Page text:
After a productive seven years that provided a foundational learning experience not only for my personal growth but also professional growth, I will be joining Corteva Agriscience on March 30, 2020, as a Turf and Ornamental Territory Manager serving Colorado, North Dakota, South Dakota, Nebraska, Missouri and most importantly continuing to serve the great state of Kansas. This decision was not taken lightly given the high quality and professional expectations of the faculty, staff, and students at Kansas State University and additionally the continued commitment to the advancement of the turf industry by the incredibly talented and supportive professionals in Kansas. The current and future professional opportunities at Corteva are ones that my young growing family could not decline. Along with the professional factors, this opportunity provides my wife, daughter and me the ability to continue to grow in Manhattan with the increased flexibility as to where we live in the future. Interim Department Head, Dr. Steve Keeley, is currently working with upper administration in addition to the KSU Turf Team to ensure that the responsibilities associated with my position as Associate Professor as well as my responsibilities as the Rocky Ford Turfgrass Research Center Director be delegated to the appropriate party and peoples. I cannot reiterate enough how appreciative I am to everything Kansas State University has provided me through the years. From tenure and promotion to Associate Professor to an open and welcoming environment to improve my leadership skills and finally but most importantly by providing a “second family” as I began my career and family thousands of miles away from my immediate family. I believe that specific openness and welcoming support of the turf industry in Kansas and surrounding states will help continue the success of the Kansas State University’s turf program. Thank you for the last seven years! I will always be grateful for the memories made at Kansas State University.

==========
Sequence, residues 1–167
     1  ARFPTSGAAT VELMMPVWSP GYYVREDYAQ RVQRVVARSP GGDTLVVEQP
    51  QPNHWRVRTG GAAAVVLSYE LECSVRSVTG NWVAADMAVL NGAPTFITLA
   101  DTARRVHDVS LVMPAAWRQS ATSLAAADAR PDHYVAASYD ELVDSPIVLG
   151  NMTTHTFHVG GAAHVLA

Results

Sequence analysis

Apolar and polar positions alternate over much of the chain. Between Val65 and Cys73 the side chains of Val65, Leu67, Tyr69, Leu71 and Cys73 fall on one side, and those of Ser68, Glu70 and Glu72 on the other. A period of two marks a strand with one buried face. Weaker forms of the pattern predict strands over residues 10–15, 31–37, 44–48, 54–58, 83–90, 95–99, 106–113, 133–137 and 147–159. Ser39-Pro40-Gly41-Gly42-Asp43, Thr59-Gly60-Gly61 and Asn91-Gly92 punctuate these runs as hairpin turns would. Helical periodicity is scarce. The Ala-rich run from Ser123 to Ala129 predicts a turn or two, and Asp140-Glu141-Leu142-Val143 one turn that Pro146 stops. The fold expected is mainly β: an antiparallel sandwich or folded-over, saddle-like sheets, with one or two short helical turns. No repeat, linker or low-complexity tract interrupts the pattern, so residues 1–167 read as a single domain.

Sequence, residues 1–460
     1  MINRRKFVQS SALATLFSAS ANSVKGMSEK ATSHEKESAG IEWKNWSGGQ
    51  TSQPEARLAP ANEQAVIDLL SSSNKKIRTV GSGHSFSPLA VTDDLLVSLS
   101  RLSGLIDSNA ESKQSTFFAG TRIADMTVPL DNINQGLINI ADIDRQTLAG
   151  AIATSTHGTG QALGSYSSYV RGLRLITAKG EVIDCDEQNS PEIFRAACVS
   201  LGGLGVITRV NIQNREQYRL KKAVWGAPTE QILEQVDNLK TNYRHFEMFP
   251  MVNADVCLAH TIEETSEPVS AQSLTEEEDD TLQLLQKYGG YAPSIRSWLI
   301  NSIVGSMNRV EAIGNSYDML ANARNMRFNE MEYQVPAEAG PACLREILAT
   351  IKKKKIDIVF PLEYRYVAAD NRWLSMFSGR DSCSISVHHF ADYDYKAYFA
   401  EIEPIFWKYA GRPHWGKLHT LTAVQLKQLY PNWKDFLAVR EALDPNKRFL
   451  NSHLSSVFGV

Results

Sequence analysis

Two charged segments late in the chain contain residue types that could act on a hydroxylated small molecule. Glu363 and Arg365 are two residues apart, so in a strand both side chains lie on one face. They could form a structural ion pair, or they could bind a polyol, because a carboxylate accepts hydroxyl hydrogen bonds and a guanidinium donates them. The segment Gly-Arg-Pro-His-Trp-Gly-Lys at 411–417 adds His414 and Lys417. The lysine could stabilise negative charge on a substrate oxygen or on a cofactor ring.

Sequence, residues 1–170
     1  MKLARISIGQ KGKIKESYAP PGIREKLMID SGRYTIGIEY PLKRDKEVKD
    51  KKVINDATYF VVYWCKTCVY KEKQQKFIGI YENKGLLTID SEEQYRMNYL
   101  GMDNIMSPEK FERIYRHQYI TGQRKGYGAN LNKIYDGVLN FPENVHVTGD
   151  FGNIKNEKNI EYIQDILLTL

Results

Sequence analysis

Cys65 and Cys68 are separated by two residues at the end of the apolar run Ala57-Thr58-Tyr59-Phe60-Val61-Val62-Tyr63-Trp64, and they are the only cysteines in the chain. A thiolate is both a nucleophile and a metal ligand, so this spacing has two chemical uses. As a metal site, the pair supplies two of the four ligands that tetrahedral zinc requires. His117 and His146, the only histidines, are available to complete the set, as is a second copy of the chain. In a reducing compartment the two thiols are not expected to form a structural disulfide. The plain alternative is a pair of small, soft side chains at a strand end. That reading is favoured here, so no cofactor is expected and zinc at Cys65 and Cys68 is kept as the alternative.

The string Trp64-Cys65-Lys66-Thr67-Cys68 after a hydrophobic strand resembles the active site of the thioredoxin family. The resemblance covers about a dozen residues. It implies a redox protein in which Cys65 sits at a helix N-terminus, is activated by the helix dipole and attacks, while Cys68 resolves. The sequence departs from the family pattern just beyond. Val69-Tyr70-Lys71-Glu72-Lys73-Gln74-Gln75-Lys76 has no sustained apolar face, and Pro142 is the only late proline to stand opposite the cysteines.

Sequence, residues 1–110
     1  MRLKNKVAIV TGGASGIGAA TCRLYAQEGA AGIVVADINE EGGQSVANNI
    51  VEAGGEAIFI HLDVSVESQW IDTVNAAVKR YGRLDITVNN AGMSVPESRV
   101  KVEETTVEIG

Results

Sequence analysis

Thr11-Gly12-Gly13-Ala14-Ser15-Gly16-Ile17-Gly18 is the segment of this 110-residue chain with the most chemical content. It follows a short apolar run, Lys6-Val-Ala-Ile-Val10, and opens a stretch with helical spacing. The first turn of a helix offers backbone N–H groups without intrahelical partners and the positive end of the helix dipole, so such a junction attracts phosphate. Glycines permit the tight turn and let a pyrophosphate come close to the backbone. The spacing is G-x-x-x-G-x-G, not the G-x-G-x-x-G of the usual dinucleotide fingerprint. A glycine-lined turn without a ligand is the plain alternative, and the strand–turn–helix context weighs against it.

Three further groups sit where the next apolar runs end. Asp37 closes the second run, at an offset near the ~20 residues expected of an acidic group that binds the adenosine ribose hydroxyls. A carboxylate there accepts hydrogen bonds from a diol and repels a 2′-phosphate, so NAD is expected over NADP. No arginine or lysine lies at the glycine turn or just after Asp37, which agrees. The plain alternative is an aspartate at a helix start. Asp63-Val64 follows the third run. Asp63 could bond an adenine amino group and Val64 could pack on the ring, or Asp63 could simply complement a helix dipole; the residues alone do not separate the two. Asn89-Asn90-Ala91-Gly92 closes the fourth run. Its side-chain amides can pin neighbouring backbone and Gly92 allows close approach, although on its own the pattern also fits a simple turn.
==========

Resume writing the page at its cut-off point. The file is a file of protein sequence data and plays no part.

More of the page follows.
-Jared Hoyle, Associate Professor, firstname.lastname@example.org
By: Brooke Garcia
NC State recently wrote up an article called, “Are Changes Coming for Atrazine and Simazine?”
Both Atrazine and Simazine were reviewed in 2013, and there are proposed changes for using each of these. To learn more, visit the article.
Full Reports for each pesticide can be found in the following links:
By Brooke Garcia
Meet Dani McFadden!
Dani McFadden is currently enrolled at Kansas State University pursuing her M.S. in Turfgrass Science, with an emphasis in Weed Science. She anticipates graduating in May 2021.
McFadden also holds an undergraduate degree from K-State in Horticulture, with a focus in Golf Course and Sports Turf Management.
When outside of class, McFadden loves walking around golf courses, sports fields, and home lawns to apply what she is learning in school. She enjoys being able to identify weeds and common diseases, as well as applying her knowledge of herbicides and fungicides.